Love's Labour's Lost (1593-5)

Intro
Online Critical Edition in Progress - Version 1.a.
Shakespeare Network - https://shakespearenetwork.net/

Act II, Scene 1

The same.

[Enter the PRINCESS of France, ROSALINE, MARIA,] [p]KATHARINE, BOYET, Lords, and other Attendants]

483

Boyet Now, madam, summon up your dearest spirits:
Consider who the king your father sends,
To whom he sends, and what's his embassy:
Yourself, held precious in the world's esteem,
To parley with the sole inheritor
Of all perfections that a man may owe,
Matchless Navarre; the plea of no less weight
Than Aquitaine, a dowry for a queen.
Be now as prodigal of all dear grace
As Nature was in making graces dear
When she did starve the general world beside
And prodigally gave them all to you.

485

Princess of France Good Lord Boyet, my beauty, though but mean,
Needs not the painted flourish of your praise:
Beauty is bought by judgement of the eye,
Not utter'd by base sale of chapmen's tongues:
I am less proud to hear you tell my worth
Than you much willing to be counted wise
In spending your wit in the praise of mine.
But now to task the tasker: good Boyet,
You are not ignorant, all-telling fame
Doth noise abroad, Navarre hath made a vow,
Till painful study shall outwear three years,
No woman may approach his silent court:
Therefore to's seemeth it a needful course,
Before we enter his forbidden gates,
To know his pleasure; and in that behalf,
Bold of your worthiness, we single you
As our best-moving fair solicitor.
Tell him, the daughter of the King of France,
On serious business, craving quick dispatch,
Importunes personal conference with his grace:
Haste, signify so much; while we attend,
Like humble-visaged suitors, his high will.

497

Boyet Proud of employment, willingly I go.

519

Princess of France All pride is willing pride, and yours is so.
[Exit BOYET]
Who are the votaries, my loving lords,
That are vow-fellows with this virtuous duke?

520

First Lord Lord Longaville is one.

524

Princess of France Know you the man?

525

Maria I know him, madam: at a marriage-feast,
Between Lord Perigort and the beauteous heir
Of Jaques Falconbridge, solemnized
In Normandy, saw I this Longaville:
A man of sovereign parts he is esteem'd;
Well fitted in arts, glorious in arms:
Nothing becomes him ill that he would well.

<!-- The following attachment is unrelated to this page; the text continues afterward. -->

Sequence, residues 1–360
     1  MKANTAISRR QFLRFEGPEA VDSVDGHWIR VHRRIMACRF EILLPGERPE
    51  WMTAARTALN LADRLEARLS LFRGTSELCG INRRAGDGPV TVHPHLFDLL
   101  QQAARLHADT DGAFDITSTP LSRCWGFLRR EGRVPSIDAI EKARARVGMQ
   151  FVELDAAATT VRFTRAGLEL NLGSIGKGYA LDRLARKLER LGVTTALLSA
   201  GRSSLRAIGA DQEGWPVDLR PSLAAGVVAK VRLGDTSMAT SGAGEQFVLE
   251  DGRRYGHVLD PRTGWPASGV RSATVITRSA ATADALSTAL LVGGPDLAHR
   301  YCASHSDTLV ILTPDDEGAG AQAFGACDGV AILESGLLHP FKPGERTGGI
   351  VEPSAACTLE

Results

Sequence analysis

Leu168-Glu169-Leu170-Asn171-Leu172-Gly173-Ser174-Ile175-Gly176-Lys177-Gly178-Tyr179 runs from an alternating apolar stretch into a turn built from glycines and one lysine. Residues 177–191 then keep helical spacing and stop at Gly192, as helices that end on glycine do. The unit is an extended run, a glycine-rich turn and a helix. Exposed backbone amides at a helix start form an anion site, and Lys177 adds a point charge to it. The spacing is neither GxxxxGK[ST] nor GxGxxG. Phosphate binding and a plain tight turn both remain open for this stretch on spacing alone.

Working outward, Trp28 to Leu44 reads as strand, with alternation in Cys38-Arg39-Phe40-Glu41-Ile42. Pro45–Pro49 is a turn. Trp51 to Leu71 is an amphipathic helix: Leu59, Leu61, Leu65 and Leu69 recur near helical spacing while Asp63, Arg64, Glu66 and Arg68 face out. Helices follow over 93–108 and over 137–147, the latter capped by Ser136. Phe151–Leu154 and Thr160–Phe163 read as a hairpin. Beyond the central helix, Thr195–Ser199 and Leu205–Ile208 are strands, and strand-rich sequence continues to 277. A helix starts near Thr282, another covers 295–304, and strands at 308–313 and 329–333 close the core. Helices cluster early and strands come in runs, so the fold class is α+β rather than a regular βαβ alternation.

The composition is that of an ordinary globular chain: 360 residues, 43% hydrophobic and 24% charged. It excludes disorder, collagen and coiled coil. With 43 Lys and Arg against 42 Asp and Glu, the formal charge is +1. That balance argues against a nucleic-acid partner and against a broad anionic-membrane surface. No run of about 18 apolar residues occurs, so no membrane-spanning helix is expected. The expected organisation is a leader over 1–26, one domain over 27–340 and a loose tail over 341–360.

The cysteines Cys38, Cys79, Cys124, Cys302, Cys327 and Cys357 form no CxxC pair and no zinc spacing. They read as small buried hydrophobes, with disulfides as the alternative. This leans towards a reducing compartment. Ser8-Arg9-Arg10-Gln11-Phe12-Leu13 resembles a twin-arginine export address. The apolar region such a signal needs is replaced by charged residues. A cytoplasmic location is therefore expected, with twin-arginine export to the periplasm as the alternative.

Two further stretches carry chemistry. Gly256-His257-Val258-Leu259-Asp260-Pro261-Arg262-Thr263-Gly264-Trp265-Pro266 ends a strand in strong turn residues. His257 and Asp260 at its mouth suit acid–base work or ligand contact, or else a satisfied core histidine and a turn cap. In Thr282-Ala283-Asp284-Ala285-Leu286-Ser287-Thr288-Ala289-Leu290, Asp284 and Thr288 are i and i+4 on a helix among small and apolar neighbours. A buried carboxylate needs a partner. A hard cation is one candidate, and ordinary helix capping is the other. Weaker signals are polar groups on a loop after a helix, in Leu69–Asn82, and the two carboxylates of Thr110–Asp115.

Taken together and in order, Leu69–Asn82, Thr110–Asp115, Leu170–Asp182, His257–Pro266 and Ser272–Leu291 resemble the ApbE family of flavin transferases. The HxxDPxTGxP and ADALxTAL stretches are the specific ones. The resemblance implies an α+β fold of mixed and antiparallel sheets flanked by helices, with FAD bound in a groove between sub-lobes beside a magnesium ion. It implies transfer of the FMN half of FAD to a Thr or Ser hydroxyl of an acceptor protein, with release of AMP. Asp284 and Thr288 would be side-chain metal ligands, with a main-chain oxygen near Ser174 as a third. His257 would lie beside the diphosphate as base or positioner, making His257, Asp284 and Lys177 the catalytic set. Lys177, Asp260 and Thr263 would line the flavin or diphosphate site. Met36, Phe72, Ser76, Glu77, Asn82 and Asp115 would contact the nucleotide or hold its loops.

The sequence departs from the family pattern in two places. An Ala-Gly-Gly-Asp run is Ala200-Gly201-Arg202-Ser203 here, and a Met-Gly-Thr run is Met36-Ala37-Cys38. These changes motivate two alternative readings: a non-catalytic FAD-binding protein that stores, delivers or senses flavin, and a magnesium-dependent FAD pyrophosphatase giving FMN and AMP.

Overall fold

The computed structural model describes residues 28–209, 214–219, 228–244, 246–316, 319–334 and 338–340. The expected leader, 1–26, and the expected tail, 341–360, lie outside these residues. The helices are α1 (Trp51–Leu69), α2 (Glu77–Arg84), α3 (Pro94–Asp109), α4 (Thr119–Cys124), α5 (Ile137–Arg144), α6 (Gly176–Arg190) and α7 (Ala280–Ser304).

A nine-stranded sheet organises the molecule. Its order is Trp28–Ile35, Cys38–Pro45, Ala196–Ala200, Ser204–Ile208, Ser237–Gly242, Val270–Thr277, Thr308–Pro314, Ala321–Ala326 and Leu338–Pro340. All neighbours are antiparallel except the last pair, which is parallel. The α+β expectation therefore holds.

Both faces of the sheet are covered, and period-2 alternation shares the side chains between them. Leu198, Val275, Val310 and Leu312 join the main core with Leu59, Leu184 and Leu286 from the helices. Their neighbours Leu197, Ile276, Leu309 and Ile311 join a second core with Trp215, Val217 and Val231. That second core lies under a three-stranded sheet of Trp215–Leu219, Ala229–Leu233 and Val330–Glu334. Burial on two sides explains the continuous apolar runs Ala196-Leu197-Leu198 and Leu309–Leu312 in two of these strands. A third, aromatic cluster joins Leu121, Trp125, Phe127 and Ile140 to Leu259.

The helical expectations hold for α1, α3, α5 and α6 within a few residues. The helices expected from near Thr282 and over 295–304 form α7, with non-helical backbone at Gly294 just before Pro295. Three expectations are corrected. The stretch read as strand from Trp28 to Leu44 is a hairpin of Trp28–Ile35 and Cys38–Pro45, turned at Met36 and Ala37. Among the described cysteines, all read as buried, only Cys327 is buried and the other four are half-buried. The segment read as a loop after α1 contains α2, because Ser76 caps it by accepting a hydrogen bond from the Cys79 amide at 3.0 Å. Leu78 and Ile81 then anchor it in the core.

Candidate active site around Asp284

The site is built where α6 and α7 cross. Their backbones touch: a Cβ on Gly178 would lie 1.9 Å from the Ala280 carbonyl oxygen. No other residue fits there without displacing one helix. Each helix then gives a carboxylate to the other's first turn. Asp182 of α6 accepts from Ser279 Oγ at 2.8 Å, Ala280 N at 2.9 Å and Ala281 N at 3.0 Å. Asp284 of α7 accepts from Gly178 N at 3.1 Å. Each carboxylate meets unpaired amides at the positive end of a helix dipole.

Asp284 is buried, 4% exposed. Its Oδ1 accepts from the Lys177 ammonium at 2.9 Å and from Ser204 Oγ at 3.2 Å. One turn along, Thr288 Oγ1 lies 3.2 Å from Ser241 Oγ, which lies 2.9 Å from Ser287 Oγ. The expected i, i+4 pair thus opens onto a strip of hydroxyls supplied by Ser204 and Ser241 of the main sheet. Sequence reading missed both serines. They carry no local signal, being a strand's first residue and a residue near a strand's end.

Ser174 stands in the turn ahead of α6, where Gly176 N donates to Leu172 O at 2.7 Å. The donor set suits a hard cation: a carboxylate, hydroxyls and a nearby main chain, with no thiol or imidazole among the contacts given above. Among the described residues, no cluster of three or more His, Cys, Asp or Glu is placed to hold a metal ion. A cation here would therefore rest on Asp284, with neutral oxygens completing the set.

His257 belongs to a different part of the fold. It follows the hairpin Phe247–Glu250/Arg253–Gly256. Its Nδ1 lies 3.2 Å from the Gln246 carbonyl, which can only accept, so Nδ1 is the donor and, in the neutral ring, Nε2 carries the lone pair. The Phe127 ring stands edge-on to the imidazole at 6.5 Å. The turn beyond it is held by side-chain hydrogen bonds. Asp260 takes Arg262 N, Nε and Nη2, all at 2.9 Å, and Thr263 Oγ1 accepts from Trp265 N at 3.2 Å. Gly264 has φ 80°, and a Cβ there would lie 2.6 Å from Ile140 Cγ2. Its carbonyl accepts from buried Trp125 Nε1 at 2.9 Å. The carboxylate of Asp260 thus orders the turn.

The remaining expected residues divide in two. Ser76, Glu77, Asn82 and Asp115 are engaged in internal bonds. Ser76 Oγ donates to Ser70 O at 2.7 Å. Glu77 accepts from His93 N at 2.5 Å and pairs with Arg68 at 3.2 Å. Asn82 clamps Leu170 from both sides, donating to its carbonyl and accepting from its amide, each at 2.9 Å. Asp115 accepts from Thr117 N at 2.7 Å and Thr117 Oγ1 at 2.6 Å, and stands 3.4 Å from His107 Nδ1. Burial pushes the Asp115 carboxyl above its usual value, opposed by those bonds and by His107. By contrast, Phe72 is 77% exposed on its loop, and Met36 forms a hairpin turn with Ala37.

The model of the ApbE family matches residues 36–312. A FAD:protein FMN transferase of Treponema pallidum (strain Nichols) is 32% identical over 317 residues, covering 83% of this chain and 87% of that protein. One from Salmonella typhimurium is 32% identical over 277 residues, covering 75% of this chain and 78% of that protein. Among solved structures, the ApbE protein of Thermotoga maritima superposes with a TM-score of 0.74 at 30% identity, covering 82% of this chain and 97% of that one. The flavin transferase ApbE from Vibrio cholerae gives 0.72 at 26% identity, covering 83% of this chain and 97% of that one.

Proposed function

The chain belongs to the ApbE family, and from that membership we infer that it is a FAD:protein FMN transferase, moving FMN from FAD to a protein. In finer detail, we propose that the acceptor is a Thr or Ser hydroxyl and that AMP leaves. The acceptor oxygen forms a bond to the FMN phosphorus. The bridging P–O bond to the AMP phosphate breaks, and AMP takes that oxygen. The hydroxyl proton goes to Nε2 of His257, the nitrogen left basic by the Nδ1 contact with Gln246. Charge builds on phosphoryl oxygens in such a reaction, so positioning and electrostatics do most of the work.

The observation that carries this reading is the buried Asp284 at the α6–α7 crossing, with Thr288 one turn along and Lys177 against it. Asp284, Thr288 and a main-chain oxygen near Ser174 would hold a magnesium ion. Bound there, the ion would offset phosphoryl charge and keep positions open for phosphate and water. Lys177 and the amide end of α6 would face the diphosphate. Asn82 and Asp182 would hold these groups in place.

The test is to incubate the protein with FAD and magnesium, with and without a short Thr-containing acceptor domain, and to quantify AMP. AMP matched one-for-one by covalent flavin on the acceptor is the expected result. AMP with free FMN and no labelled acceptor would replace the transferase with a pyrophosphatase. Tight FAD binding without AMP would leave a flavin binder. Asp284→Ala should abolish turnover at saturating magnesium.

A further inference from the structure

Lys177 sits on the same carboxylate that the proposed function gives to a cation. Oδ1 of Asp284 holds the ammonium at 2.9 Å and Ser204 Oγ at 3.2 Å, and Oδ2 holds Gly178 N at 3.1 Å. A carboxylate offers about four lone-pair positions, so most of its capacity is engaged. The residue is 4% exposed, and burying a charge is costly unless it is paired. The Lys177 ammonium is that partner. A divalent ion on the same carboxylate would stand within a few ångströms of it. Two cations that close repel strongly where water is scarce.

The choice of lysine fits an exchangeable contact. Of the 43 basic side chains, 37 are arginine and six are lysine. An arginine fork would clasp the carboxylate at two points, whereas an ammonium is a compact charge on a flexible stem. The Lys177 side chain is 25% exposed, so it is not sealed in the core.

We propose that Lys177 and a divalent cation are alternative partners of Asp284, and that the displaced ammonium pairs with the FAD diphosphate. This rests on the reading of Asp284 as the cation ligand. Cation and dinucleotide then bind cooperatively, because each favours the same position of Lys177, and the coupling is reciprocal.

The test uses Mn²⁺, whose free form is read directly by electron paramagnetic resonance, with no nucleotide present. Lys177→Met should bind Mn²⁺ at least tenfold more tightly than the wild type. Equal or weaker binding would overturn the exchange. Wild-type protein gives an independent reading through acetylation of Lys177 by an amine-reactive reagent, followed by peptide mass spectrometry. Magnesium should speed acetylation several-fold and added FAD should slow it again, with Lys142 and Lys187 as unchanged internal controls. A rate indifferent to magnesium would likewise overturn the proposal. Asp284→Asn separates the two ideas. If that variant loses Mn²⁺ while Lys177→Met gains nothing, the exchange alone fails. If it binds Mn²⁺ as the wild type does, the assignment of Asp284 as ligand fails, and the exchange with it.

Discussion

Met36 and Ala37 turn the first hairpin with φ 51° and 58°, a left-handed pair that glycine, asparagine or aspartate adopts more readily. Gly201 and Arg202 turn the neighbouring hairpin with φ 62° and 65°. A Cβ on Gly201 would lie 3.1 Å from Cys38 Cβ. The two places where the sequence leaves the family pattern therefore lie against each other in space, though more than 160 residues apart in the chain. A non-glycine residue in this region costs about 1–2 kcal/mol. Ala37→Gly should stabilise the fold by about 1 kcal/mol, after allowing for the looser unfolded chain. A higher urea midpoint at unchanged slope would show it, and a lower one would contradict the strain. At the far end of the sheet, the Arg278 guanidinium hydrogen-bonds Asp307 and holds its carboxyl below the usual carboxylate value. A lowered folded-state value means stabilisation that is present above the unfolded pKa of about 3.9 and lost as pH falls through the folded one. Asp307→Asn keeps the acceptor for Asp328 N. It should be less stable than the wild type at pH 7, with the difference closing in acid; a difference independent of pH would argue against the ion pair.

The only soil of his fair virtue's gloss,
If virtue's gloss will stain with any soil,
Is a sharp wit matched with too blunt a will;
Whose edge hath power to cut, whose will still wills
It should none spare that come within his power.

526

Princess of France Some merry mocking lord, belike; is't so?

538

Maria They say so most that most his humours know.

539

Princess of France Such short-lived wits do wither as they grow.
Who are the rest?

540

Katharine The young Dumain, a well-accomplished youth,
Of all that virtue love for virtue loved:
Most power to do most harm, least knowing ill;
For he hath wit to make an ill shape good,
And shape to win grace though he had no wit.
I saw him at the Duke Alencon's once;
And much too little of that good I saw
Is my report to his great worthiness.

542

Rosaline Another of these students at that time
Was there with him, if I have heard a truth.
Biron they call him; but a merrier man,
Within the limit of becoming mirth,
I never spent an hour's talk withal:
His eye begets occasion for his wit;
For every object that the one doth catch
The other turns to a mirth-moving jest,
Which his fair tongue, conceit's expositor,
Delivers in such apt and gracious words
That aged ears play truant at his tales
And younger hearings are quite ravished;
So sweet and voluble is his discourse.

550

Princess of France God bless my ladies! are they all in love,
That every one her own hath garnished
With such bedecking ornaments of praise?

563

First Lord Here comes Boyet.

566

[Re-enter BOYET]

567

Princess of France Now, what admittance, lord?

568

Boyet Navarre had notice of your fair approach;
And he and his competitors in oath
Were all address'd to meet you, gentle lady,
Before I came. Marry, thus much I have learnt:
He rather means to lodge you in the field,
Like one that comes here to besiege his court,
Than seek a dispensation for his oath,